Agnolo Bronzino
Agnolo Bronzino's Oil Paintings
Agnolo Bronzino Museum
Nov 17, 1503 -- Nov 23, 1572. Italian Mannerist painter.

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Agnolo Bronzino
The Panciatichi Holy Family
1540(1540) Medium oil on panel cyf
ID: 91999

Agnolo Bronzino The Panciatichi Holy Family
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Agnolo Bronzino The Panciatichi Holy Family


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Agnolo Bronzino

Italian Mannerist Painter, 1503-1572 Agnolo di Cosimo (November 17, 1503 ?C November 23,1572), usually known as Il Bronzino, or Agnolo Bronzino (mistaken attempts also have been made in the past to assert his name was Agnolo Tori and even Angelo (Agnolo) Allori), was an Italian Mannerist painter from Florence. The origin of his nickname, Bronzino is unknown, but could derive from his dark complexion, or from that he gave many of his portrait subjects. It has been claimed by some that he had dark skin as a symptom of Addison disease, a condition which affects the adrenal glands and often causes excessive pigmentation of the skin.  Related Paintings of Agnolo Bronzino :. | Portrait of Cosimo I de Medici | Portrait of a Young Man | Eleonora di Toledo col figlio Giovanni | Portrait of a Lady | an allegory with venus and cupid |
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Henry Benbridge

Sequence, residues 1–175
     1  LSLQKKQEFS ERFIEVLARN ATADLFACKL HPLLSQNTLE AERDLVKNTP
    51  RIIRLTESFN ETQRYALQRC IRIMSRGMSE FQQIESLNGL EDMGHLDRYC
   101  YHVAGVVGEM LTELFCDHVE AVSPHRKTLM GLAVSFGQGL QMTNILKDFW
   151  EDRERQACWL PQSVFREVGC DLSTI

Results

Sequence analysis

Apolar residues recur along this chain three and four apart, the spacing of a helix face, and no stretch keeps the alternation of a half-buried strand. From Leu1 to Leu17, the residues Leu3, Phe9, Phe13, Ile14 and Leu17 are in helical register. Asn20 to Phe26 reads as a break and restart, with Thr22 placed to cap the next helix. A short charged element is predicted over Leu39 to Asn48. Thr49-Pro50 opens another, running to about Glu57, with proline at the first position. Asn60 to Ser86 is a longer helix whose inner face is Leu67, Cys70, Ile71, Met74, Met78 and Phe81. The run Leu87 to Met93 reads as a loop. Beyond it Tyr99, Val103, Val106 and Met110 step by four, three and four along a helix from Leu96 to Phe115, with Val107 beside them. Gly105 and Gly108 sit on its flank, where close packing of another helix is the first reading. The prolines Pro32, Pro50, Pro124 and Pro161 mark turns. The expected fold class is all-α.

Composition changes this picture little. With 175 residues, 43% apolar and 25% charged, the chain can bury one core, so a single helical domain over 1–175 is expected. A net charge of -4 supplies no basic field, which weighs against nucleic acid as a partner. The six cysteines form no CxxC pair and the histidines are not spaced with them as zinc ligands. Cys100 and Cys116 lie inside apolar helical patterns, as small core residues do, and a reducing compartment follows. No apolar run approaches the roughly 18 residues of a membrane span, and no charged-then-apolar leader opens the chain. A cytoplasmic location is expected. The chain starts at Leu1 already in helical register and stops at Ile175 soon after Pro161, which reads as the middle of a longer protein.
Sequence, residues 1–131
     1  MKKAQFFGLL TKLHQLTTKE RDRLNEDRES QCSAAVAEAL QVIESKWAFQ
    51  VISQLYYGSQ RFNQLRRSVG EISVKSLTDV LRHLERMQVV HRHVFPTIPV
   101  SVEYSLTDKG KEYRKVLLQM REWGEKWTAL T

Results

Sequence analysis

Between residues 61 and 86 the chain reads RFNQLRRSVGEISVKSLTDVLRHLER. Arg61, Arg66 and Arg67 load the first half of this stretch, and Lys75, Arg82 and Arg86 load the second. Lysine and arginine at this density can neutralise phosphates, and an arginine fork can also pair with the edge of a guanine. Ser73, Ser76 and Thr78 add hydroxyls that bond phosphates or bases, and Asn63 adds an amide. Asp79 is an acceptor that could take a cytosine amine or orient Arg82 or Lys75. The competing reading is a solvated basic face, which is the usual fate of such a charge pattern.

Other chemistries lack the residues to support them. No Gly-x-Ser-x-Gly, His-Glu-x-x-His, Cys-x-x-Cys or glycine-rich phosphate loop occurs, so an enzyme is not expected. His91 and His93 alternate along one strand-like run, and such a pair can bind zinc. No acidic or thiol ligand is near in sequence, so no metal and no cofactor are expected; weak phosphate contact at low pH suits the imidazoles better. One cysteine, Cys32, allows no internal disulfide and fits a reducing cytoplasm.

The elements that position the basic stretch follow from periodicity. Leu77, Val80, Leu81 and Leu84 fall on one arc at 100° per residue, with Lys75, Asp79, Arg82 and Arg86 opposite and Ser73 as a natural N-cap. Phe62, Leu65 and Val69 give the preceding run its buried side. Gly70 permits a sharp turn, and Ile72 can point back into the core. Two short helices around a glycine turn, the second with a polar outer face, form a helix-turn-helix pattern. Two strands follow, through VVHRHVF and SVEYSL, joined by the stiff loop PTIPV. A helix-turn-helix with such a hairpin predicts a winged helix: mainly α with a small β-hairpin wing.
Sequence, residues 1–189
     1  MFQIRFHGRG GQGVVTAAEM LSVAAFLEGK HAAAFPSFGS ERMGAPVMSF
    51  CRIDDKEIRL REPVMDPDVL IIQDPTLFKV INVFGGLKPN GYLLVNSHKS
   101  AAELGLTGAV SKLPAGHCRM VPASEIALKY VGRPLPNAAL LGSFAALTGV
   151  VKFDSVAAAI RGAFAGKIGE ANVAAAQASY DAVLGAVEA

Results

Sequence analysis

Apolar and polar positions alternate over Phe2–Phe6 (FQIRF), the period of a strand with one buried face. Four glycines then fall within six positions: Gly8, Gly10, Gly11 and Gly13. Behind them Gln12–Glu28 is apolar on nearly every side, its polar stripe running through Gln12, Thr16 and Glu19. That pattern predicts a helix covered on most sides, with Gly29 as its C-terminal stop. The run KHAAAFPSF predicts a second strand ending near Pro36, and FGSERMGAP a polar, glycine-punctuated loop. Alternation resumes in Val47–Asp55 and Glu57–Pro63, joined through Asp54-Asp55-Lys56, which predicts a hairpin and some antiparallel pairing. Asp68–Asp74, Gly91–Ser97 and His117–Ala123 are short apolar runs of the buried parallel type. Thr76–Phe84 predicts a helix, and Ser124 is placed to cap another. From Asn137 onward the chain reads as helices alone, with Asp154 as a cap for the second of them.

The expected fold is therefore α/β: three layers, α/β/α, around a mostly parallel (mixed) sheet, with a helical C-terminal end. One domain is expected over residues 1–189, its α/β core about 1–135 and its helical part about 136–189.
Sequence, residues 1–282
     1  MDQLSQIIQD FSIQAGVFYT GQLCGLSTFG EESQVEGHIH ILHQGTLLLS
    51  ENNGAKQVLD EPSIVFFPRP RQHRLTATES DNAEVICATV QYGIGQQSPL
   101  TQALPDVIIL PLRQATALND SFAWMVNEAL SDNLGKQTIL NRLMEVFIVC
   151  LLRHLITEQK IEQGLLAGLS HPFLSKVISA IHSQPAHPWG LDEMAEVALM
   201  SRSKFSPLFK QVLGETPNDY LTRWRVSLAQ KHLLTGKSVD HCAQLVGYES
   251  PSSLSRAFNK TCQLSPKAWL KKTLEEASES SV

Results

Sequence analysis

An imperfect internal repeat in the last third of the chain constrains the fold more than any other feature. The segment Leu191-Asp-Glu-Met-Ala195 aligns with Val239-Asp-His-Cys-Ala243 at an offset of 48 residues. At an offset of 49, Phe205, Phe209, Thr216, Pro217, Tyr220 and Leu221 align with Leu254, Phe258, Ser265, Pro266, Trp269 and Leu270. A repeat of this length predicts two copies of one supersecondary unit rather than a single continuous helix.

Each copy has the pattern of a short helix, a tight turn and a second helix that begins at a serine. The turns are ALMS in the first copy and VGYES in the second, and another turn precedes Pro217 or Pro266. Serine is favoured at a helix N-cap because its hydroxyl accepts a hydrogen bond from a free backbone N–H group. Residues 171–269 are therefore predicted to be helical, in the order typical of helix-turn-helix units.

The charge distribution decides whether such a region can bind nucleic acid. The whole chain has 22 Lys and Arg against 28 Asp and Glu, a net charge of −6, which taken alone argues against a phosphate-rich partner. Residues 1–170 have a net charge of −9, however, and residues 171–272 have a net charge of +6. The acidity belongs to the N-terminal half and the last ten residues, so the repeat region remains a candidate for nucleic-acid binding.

Henry Benbridge born October 1743 died February 1812), early American portrait painter, was born in Philadelphia, the only child of James and Mary (Clark) Benbridge. When he was seven years old, his mother, who had been left a widow, was married to Thomas Gordon, a wealthy Scot. The boy's artistic talent was encouraged. He made decorative designs for his stepfather's drawing-room which were much admired. When he was fourteen years old he may have watched John Wollaston paint Gordon's portrait. It has been plausibly argued that young Benbridge had instruction from Wollaston, since his earliest known portrait, that of his half-sister Rebecca Gordon, "seems to hark back to Wollaston." When he was 21, Benbridge was sent to Italy, where he studied with Pompeo Batoni and Anton Raphael Mengs. In 1769, on commission from James Boswell, biographer of Dr. Samuel Johnson, he made a portrait of Pasquale Paoli in Corsica which he took to London. It was exhibited (1769) at the Free Society of Artists, and from it three mezzotints were scraped and published with the artist's name signed "Bembridge." Like other young Americans he was encouraged by Benjamin West. He wrote, on December 7, 1769, to his stepfather: "Upon my arrival I waited upon Mr. West who received me with a sort of brotherly affection, as did my cousin, Mrs. West." Impelled, apparently, by a longing to rejoin his family, he left England in 1770, bearing from West the following note of recommendation to Francis Hopkinson: "By Mr. Benbridge you will receive these few lines. You will find him an Ingenous artist and an agreeable Companion. His merit in the art must procure him great incouragement and much esteem. I deare say it will give you great pleasure to have an ingenous artist resident amongst you." Elizabeth Ann Timothy (Mrs. William Williamson), watercolor on ivory of 1775In Philadelphia Benbridge married a Miss Sage and was admitted on January 18, 1771, to membership in the American Philosophical Society, of which Benjamin Franklin was a founder. He painted the large portrait of the Gordon family, with six figures, one of his masterpieces. Suffering, however, from asthma, he sought a more congenial climate and moved to Charleston, South Carolina, where he succeeded Jeremiah Theus (d. May 18, 1774) as the popular portrait painter of South Carolina. There he made many likenesses of southern men and women, several of which have been popularly attributed to John Singleton Copley, an artist who never painted in the South and who left America in 1774. Around 1800 Benbridge settled in Norfolk, Virginia, whence he made frequent visits to his native city. At Norfolk he gave to Thomas Sully his first lessons in oil painting. He had previously instructed Thomas Coram of Charleston. Sully describes his master as "a portly man of good address - gentlemanly in his deportment." Benbridge's health is said by Hart to have declined in middle age. Dunlap's assertion that his last years were passed "in obscurity and poverty" has been disputed.






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